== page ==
I am a graduate of the Fort Benning Infantry School, I'm familiar with suppressive fire. It seems that after even a few insertions/extractions the Bad Guys would figure out that you're pretty safe from the door gunners and they could just keep their heads down and blow the helicopters out of the sky.
That's easy to say, but if .303 slugs are zipping all around, you're going to be rather strongly inclined to hit the dirt. Humans are humans.

War is not so much about accurate fire as it is about generally accurate volume of fire.

Quote:
Was this just a way to keep the Huey crews from feeling helpless?
My best friend's Dad flew Hueys on two tours in Vietnam, and was wounded by ground fire, and he says he felt rather safe, all things considered. The Huey was an amazing aircraft and could survive a lot before it went down. The great, great overwhelming majority of missions went fine.

Also, another vote for "Chickenhawk." It's not the most literary book but it's a very raw, honest account.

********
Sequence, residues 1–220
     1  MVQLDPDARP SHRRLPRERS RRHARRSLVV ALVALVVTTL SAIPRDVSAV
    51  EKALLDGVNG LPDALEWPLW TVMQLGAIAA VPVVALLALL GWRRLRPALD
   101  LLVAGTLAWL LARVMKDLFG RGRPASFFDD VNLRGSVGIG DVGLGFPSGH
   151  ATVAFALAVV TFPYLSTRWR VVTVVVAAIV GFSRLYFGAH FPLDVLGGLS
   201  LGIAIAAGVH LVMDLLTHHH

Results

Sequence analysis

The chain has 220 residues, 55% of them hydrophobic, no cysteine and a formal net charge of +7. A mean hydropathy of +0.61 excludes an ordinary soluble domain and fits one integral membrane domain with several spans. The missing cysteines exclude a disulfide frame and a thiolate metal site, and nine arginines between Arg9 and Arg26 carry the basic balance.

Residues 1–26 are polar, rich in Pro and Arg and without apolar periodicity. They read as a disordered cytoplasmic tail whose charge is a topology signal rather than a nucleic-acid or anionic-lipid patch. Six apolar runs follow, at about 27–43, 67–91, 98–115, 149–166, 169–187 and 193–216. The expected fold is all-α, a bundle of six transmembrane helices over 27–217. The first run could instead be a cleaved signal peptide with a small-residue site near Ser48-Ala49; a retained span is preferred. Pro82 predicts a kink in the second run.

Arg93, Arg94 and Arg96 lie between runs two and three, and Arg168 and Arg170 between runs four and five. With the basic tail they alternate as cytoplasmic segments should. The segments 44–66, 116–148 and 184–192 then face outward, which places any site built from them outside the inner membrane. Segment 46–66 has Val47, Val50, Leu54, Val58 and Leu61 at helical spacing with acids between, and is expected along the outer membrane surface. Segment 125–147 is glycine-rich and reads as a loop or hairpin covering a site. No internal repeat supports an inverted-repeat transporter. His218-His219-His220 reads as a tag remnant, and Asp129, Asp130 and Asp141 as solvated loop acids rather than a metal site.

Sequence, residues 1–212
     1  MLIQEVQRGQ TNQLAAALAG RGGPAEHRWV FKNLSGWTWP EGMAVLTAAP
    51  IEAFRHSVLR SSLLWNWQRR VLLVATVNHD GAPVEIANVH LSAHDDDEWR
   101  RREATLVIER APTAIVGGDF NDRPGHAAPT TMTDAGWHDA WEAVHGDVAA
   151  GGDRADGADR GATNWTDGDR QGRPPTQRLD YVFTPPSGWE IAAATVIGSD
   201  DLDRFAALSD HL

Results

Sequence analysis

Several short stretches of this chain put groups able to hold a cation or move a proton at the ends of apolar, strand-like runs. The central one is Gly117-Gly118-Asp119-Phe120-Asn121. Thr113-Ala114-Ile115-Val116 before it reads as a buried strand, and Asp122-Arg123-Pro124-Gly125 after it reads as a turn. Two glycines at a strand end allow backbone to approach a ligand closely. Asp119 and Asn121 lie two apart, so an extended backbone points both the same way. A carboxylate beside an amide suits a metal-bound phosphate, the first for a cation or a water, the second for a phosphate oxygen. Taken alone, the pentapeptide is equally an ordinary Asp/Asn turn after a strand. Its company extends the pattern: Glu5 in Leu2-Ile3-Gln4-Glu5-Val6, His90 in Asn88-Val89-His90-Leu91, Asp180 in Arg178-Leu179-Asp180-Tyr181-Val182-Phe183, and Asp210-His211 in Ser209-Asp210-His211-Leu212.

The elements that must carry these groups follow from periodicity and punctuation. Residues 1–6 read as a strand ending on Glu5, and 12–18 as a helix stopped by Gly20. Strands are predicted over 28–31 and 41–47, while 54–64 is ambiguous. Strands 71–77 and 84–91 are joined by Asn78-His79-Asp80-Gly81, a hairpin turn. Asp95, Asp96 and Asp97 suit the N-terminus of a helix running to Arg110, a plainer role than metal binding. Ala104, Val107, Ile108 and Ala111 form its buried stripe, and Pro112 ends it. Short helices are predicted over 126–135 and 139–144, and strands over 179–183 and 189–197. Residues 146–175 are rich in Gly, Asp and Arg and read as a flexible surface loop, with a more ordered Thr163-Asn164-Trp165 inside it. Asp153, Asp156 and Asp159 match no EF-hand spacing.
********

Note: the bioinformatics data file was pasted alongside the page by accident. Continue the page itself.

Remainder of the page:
#23
Old 03-11-2015, 09:31 AM
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While I was doing my hang out with the Army thing for the USAF we had USAF UH-1N helo gunships equipped with the 7.62 miniguns. Their mission was armed escort and fairly wimpy CAS, essentially the same as Viet Nam era Army Hueys. The guns were manned by door gunners and completely manually aimed.

I rode on any number of live-fire training missions. They'd operate in pairs such that one or the other helo was putting fire on the target almost continuously. They'd shoot a couple seconds, wait a couple seconds, shoot again, repeat. Done properly, as each gunship flew out of position, the other was just getting into position to keep the fire up.

They'd aim at a fixed target about the size of a delivery truck. With an experienced gunner, most rounds landed in or near the truck. If the truck was unarmored, at least some occupants would be dead or dying after the first burst, much less the fourth.

So in that sense, given a clearly visible stationary target, they were pretty accurate. And pretty effective at neutralizing or destroying it.

OTOH, there we were suspended a couple hundred feet above the ground doing a mere 90-ish mph. Any spot on the ground within a half mile in any direction might have a gunner who could shoot back. With two guns we could shoot at two enemy positions. But a circle a mile across could conceivably contain hundreds or even thousands of enemy gun positions.